<bean id="dataSource" class="org.apache.tomcat.dbcp.dbcp.BasicDataSource">  <!-- 5 -->
        <property name="driverClassName" value="org.h2.Driver"/>
        <property name="url" value="jdbc:h2:mem:test"/>

    <bean id="entityManagerFactory"
          class="org.springframework.orm.jpa.LocalContainerEntityManagerFactoryBean">  <!-- 6 -->
        <property name="dataSource" ref="dataSource"/>
        <property name="packagesToScan" value="test.model"/>
        <property name="jpaVendorAdapter">  <!-- 7 -->
            <bean class="org.springframework.orm.jpa.vendor.HibernateJpaVendorAdapter">
        <property name="jpaProperties">  <!-- 8 -->
                <prop key="hibernate.show_sql">true</prop>
                <prop key="hibernate.dialect">org.hibernate.dialect.H2Dialect</prop>
                <prop key="">create-drop</prop>

    <bean id="transactionManager" class="org.springframework.orm.jpa.JpaTransactionManager"/>  <!-- 9 -->

  1. Component scan from the context namespace will crawl through the source tree starting at package test and will wire all annotated objects. It will discover and wire any beans with the annotations @Controller, @Service, @Component, and @Repository. This will also enable configuration based annotation, which would normally be done with <context:annotation-config/>.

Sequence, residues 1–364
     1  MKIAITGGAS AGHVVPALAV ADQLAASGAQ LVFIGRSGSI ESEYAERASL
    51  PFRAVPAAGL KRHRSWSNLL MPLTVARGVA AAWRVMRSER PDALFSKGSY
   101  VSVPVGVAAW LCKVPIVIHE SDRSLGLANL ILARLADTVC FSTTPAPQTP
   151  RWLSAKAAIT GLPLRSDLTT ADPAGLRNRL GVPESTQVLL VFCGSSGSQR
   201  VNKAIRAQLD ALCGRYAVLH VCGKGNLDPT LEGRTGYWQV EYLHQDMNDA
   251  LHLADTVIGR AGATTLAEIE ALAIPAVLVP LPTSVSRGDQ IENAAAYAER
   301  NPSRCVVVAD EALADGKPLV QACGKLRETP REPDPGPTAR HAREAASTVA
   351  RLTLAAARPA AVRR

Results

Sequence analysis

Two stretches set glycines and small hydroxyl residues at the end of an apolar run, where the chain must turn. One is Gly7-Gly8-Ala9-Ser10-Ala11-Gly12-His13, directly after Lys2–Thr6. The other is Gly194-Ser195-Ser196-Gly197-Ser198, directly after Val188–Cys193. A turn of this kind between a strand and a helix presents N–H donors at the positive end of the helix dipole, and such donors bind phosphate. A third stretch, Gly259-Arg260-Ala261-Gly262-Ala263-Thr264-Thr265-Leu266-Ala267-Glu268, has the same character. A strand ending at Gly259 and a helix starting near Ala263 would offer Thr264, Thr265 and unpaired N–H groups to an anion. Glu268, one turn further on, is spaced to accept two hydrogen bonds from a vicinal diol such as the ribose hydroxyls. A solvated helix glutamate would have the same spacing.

2. MVC is the user interface framework we’ll use, and mvc:annotation-driven wires http actions from beans that have @RequestMapping annotations. In the MVC (Model View Controller) pattern, these beans are the Controllers.
  3. The tx namespace allows configuring Spring’s transaction support. The element tx:annotation-driven instructs Spring to apply transaction functionality to beans that have @Transactional annotations. Spring will inject a transaction manager into the proper beans. By convention, a transaction manager name transactionManager will be injected, but can be configured explicitly by adding transaction-manager="nameOfMyTransactionManagerBean" to the tx:annotation-driven element. In this case we’re defining trasactionManager further down the configuration file.
  4. The viewResolver allows Spring MVC to locate the JSPs that represent the View in the MVC pattern. In this case we’ll keep the JSPs in the /WEB-INF/jsp/ directory, so that they cannot be hit directly, but accessed only through the controllers.
  5. In this example, we’re providing the data source (instead of finding a data source provided by an application server). The properties passed must include at least the driver corresponding to the database to use, and a url. Since we are using an embedded database, nothing else is required, but most other databases will also require a username and password to be passed in as well.
  6. The entity manager factory provides access to the JPA implementation. In this case we’re using the adapter that allows using Hibernate. The factory requires several attributes to be passed in. In particular a dataSource (in this case referencing the one created in point #5) and and package to scan for JPA entity classes. In this case we’re scanning the test.model package for classes annotated with @Entity.
  7. The jpaVendorAdapter property takes a class implementing JpaVendorAdapter. In this case we provide the one appropriate for hibernate. Inside this property we further configure the adapter, however the syntax is more limited than what can be done passing properties directly as we do here in the next element.